Helping the Homeless Student
by Anthony Lopez
Mar 21, 2017 | 1979 views | 0 0 comments | 191 191 recommendations | email to a friend | print
When Mayor Bill de Blasio announced plans to open 90 new homeless shelters across the city, some people were naturally concerned that their neighborhood would receive one.

One of the benefits of housing shelters in the community, the administration argues, is that too often homeless students who live in hotels far from public transportation are forced to schlep long distances to get to school.

Those students arrive at school late and exhausted. But even those who don’t travel far bring a host of challenges to the schools they attend.

They often come to schools academically behind and in need of counselors and mentors that are sensitive to their individual needs and difficult situation.

It’s a situation that schools in Astoria and Long Island City face all too often. District 30, which serves these two communities, has the second highest concentration of homeless students in Queens, according to a recent report by the Institute for Children, Poverty, and Homelessness.

At the Academy for New Americans in Astoria, for instance, 72 out of its 211 students were reported to be homeless in the 2014-2015 school year.

While this is surprising to some who see these two neighborhoods as communities with strong brick houses and close-knit families, it’s not surprising to those of us that serve these schools.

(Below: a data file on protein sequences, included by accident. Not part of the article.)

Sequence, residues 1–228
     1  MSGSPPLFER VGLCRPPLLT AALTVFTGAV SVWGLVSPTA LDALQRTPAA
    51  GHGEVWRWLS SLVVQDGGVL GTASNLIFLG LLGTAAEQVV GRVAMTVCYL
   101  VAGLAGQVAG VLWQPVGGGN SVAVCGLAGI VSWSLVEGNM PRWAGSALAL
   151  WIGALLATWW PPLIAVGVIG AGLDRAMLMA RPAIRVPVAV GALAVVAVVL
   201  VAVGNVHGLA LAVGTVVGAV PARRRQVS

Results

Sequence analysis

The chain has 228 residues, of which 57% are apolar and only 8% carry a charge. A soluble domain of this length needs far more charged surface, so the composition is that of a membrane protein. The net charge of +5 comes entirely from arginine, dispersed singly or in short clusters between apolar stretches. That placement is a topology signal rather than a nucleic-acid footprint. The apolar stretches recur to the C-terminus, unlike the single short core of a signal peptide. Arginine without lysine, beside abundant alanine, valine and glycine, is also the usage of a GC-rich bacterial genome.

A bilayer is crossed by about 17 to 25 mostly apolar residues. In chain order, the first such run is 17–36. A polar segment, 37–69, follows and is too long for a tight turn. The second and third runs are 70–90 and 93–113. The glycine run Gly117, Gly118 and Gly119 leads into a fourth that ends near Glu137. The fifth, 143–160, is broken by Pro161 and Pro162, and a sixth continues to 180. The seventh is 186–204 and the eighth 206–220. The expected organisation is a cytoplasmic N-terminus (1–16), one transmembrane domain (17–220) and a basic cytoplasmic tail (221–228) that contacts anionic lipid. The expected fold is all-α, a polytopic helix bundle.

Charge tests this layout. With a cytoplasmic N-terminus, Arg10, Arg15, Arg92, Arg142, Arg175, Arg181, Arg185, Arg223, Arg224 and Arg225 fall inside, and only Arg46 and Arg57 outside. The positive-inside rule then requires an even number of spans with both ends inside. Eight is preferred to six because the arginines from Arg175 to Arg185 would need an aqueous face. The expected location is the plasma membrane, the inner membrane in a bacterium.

As an advocate for children in Astoria and Long Island City, I see students with an array of needs and schools without enough resources to help them.

In 2011, The Elmezzi Foundation, a nonprofit dedicated to improving conditions for Astoria residents, created Zone 126 to get help for the schools in the zip codes that serve these two neighborhoods.

Much like The Harlem Children Zone helped rebuild education in upper Manhattan, Zone 126 is taking a targeted approach to making sure children and their families in Northwest Queens succeed.

Zone 126 works with nearly two dozen partner organizations in this effort to help more than 10,000 children and their families in Long Island City and Astoria.

The goal, using a cradle-to-career approach, is to get more students in the area graduating high school, into college, and over time out of poverty.

One essential strand of this work is a focus on students who are off track for success, including those who are homeless through no fault of their own.

We want to make sure Astoria and Long Island City thrive.

Regardless of whether this community is targeted for a homeless shelter, one thing is clear: our schools have a high number of homeless children and without the resources to help them, all students suffer.

Anthony Lopez is executive director of Zone 126.

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